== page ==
One thing I know, no matter how they choose to use Chapman, is that I have no interest in seeing him attempt to barrel over a big league catcher like Charlton did to Scosia!:)

One of my all time favorite memories. Go Stormin' Norman!

membengal
05-17-2012, 11:00 AM
That's funny. The Reds were 52-31 with Charlton in the pen. 39-40 with him in the rotation. I'd say they were just fine with him in the pen as well. He pitched well in both roles. But to say that the Reds wouldn't have made the playoffs w/o him starting is a stretch. But, to each their own.

That's funny, discounting the value of 16 starts in a year where they were huffing and puffing to hold onto first in August is also a stretch...

Point is, Norm had huge value, and it wasn't simply becaue he relieved, no matter how people remember it now.

hebroncougar
05-17-2012, 11:01 AM
That's funny, discounting the value of 16 starts in a year where they were huffing and puffing to hold onto first in August is also a stretch...

Point is, Norm had huge value, and it wasn't simply becaue he relieved, no matter how people remember it now.

I didn't discount anything. I said he was valuable in both roles. I said the perception was he was more valuable as a member of the nasty boys. You're arguing just to argue.

membengal
05-17-2012, 11:02 AM
I didn't discount anything. I said he was valuable in both roles. You're arguing just to argue.

I am not, but thanks for being dismissive!

High five!

Big Klu
05-17-2012, 11:39 AM
Yes, I know that. Yet, he's listed as a RP on Baseball Reference, and remembered as being one of the three "nasty boys". What's that tell you? Was he perceived to be more valuable out of the pen or as a starter?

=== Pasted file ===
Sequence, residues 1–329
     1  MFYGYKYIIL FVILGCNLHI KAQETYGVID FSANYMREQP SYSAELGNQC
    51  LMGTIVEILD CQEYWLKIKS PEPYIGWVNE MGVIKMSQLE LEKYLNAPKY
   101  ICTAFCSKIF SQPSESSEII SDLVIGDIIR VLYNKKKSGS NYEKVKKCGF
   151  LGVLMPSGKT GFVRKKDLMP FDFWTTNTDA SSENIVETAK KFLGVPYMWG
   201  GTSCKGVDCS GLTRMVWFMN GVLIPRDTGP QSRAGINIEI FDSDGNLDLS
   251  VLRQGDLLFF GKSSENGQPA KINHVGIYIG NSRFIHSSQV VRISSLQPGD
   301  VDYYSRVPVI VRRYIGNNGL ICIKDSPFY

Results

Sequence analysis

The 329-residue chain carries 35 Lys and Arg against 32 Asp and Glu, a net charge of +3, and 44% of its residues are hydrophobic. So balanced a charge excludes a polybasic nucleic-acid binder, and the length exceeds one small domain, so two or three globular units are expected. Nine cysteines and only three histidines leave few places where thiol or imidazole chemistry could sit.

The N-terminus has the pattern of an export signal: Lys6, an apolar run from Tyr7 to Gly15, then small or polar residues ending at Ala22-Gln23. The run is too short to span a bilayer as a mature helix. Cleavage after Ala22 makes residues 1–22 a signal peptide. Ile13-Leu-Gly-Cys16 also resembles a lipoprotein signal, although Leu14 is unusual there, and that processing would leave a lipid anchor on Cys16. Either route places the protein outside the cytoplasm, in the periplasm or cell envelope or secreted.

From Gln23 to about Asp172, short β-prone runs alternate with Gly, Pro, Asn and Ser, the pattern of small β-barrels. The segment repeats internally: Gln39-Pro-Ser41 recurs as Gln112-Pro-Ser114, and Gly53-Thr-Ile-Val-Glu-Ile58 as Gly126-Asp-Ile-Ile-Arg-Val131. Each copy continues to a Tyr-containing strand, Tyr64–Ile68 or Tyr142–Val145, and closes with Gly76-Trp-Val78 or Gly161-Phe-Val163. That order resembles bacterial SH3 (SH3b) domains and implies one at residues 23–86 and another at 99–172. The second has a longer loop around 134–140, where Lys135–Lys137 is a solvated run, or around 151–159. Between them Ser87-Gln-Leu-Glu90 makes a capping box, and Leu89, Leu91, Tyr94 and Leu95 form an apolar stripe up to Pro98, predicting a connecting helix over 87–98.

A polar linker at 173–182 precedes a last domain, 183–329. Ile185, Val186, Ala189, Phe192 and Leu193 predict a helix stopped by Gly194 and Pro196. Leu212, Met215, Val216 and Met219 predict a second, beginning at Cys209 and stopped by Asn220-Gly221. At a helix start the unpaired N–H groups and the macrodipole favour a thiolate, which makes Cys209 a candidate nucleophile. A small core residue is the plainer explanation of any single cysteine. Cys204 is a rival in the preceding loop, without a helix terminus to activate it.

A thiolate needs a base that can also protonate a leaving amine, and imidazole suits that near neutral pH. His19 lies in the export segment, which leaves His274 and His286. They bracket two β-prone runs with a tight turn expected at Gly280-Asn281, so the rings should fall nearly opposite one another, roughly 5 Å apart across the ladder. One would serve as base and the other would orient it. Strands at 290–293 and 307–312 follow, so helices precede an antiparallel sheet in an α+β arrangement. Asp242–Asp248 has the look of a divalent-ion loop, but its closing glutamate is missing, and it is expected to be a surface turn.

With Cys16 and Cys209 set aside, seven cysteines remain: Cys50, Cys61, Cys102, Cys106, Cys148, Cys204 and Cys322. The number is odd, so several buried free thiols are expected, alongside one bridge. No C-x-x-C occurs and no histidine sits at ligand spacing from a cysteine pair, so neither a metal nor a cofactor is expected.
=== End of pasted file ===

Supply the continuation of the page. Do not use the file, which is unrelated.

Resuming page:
It tells me that he made 40 relief appearances.

Charlton was very valuable in the pen--otherwise, Lou would not have returned him there for the postseason. But if Norm hadn't moved to the rotation in the second half of the season, I don't think the Reds would have won the division. He was one of the three most effective starters on the team, along with Rijo and Browning. (Jackson was still coming back from injury, and Armstrong was ineffective in the second half.) Without him, the Reds would have been stuck with Scudder, Mahler, and Hammond vying for the last spot.

jojo
05-17-2012, 11:44 AM
I'm one to think the transition to a starter's role wouldn't be bump free for Chapman. But it is alot of fun to be a Reds fan these days. They not only are good (we should expect them to be above .500) but they have some guys who are creme of the crop major league talents. People stop and watch Votto hit. People stop and watch Chapman pitch....